posted on Nov, 17 2005 @ 03:21 PM
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Originally posted by mythatsabigprobe
if it was going to hit US it would happen 40,000 years before we know where it's going..




Ummm.. light travels faster... We would know first.



posted on Nov, 17 2005 @ 03:22 PM
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Originally posted by Rren

Sorry 'grabbed' the wrong link from the search list(think I accidently linked to this thread...oops). Here ya go: (sci/tech) Mysterious Star Streaks Into the Milky Way At least it was there when i read it yesterday...



I see it now. i did not see it before when I did a search. i will transfer any new information I find to that link since someone else already posted this story. Thanks.

[edit on 17-11-2005 by Muaddib]



posted on Nov, 17 2005 @ 03:28 PM
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maybe this is proof that light speed has slowed?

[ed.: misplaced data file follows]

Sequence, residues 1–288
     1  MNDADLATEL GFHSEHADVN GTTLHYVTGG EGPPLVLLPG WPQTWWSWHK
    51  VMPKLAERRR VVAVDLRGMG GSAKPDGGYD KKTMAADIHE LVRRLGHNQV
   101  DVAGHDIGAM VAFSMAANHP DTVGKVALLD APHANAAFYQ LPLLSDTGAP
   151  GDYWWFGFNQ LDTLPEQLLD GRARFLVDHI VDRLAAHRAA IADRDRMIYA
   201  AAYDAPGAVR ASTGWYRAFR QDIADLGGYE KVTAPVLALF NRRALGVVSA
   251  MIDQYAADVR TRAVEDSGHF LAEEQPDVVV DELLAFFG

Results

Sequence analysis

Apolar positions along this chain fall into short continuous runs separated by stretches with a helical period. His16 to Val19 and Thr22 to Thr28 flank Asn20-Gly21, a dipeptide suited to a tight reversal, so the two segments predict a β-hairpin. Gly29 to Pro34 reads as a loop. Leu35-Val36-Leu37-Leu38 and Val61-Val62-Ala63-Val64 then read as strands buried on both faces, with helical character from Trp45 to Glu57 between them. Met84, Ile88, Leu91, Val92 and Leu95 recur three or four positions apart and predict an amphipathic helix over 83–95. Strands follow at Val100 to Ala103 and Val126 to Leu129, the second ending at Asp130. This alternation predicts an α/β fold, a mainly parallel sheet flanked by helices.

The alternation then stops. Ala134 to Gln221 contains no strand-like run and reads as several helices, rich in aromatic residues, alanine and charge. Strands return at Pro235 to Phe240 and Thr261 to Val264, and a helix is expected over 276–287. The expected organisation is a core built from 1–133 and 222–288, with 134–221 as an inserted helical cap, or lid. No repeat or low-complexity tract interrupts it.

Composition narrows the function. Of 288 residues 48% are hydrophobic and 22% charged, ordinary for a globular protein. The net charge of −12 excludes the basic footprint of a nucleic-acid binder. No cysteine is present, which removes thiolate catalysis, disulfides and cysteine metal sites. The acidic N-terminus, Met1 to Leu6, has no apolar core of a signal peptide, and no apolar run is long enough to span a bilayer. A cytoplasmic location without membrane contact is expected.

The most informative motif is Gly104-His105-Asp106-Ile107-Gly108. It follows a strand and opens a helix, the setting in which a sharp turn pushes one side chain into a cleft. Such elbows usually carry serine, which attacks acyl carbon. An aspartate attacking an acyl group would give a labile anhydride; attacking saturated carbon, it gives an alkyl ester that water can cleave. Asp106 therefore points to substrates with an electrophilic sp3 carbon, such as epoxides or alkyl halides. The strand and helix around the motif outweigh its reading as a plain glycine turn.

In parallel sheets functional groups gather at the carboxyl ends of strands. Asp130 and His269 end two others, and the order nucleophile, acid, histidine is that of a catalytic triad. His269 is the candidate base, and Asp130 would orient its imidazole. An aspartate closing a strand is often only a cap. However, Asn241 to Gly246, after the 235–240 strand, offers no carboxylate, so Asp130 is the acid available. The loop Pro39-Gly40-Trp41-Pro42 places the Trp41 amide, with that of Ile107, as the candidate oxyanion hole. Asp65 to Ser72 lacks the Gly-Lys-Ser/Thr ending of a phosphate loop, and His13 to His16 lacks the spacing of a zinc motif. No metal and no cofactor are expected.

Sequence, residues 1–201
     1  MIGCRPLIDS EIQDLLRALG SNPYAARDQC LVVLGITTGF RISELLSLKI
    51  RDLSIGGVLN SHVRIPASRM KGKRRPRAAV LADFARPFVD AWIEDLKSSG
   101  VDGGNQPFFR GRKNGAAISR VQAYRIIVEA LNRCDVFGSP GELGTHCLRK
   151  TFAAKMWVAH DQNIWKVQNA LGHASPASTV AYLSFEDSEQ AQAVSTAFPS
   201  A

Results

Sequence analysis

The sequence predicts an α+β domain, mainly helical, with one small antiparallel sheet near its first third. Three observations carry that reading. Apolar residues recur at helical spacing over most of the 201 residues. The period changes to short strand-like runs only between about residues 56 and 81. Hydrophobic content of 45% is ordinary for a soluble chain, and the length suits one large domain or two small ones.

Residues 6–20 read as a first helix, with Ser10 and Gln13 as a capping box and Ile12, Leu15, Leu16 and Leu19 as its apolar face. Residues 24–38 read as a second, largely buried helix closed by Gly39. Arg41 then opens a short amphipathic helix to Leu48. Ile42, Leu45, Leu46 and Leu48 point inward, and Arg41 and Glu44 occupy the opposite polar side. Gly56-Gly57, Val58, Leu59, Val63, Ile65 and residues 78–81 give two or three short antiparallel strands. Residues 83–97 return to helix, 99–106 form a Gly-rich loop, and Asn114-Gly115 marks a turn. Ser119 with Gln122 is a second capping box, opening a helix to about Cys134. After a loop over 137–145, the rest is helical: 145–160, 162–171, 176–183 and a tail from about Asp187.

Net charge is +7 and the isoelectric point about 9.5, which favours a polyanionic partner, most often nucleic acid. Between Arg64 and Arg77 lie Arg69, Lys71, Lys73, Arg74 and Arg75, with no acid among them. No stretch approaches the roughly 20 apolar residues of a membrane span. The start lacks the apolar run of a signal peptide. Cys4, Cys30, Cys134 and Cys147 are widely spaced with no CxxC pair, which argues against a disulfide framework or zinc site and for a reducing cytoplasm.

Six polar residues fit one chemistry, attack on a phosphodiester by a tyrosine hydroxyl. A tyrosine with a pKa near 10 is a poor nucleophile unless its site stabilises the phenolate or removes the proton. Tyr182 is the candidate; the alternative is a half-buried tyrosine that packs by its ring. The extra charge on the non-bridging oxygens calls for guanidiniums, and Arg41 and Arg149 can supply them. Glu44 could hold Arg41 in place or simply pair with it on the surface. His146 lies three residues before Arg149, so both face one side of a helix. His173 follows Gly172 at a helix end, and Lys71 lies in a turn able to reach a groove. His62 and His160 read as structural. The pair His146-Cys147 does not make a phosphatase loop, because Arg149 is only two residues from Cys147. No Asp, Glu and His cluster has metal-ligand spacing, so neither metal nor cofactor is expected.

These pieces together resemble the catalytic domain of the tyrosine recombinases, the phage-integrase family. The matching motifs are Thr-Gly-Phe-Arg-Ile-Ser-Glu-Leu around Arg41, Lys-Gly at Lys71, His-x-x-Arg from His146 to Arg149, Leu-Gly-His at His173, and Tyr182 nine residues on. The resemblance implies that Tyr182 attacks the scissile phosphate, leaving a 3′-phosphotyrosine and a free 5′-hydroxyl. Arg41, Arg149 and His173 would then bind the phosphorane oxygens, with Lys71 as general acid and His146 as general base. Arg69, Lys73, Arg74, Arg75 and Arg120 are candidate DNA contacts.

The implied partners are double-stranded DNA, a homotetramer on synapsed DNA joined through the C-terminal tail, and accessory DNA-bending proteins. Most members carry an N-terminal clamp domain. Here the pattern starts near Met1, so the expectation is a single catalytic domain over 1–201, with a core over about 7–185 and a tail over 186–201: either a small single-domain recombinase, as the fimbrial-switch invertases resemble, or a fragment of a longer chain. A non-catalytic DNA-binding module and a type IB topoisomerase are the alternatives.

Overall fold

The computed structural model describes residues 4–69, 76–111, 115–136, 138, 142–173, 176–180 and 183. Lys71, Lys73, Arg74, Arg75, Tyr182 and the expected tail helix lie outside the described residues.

posted on Nov, 17 2005 @ 03:29 PM
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Could a mod please delete this thread since someone else posted it first?

Thanks.



posted on Nov, 17 2005 @ 06:05 PM
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for the information
speed of light is 300,000 kilometers per second
converts to 201,000 miles per second

we should get a pretty good warning...


That damned Anubis, and his star slinging ways... first an asteroid, now this...
wont he ever learn?